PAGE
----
Scared Kashmiri women wear veils as per rebel order
10 September 2001
The Asian Age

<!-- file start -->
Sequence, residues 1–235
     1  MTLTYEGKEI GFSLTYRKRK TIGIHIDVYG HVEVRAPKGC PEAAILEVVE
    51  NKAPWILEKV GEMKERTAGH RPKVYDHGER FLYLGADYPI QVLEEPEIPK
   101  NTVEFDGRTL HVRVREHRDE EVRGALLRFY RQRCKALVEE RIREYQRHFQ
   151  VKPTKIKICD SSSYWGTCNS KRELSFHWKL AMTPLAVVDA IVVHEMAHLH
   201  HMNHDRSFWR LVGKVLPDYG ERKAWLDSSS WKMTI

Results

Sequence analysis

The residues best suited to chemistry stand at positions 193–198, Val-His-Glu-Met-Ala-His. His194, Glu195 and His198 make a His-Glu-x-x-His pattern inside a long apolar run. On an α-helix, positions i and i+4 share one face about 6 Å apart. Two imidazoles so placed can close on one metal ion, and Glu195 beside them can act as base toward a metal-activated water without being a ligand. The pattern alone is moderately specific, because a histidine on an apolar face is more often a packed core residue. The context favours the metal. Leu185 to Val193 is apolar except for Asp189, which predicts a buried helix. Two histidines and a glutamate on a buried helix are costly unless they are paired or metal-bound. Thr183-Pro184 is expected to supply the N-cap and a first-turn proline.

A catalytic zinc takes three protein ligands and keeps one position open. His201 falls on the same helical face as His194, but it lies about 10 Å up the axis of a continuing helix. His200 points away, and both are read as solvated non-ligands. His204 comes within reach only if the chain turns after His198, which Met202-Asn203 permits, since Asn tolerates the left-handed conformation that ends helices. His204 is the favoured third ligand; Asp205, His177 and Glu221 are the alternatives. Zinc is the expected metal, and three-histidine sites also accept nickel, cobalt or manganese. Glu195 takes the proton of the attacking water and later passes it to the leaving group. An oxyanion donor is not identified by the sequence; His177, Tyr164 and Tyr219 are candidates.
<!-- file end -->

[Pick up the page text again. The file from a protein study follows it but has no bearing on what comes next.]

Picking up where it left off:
Srinagar: Thousands of frightened Muslim women in Kashmir region fell into line with an Islamic dress code on Monday and donned head-to-toe veils as the deadline imposed by a shadowy Muslim rebel group ended. The police said they had stepped up security patrols and posted plainclothes men at schools and colleges to protect a handful of women defying the ultimatum from the rebels, who attacked unveiled women with acid in August to launch the campaign. Women residents said that very few dared to defy the Lashkar-e-Jabbar dress code. “Some women have defied the order, but I have started wearing it. I cannot take chances,” Mehjabeen Akhtar, a government employee, said. Lashkar-e-Jabbar told women in the Muslim-majority state in August to cover up in public or face attack. Two women were injured in an acid attack at a crowded crossing. On Monday, streets in Srinagar, the state’s summer capital, were peppered with women in long black robes which covered them from head to toe, with only a small net opening for the eyes. Tailors in the city have reported being flooded with orders to stitch the burqas, as the all-covering veils are known. The rebel group extended an August 31 deadline to September 10 following an appeal by a women’s separatist group. The little-known Lashkar-e-Jabbar followed up its social crackdown during the weekend by ordering women from the minority Hindu and Sikh communities in Kashmir to dress differently so they could be easily identified. It said Hindu women should wear a traditional bindi or a coloured dot on their forehead and Sikh women should cover their heads with saffron-coloured cloth. They set no deadline for their order which is similar to one issued by Afghanistan’s Taliban rulers earlier this year directing non-Muslims to wear a distinctive badge in public. Some 50,000 Hindus and about an equal number of Sikhs live in the Kashmir Valley.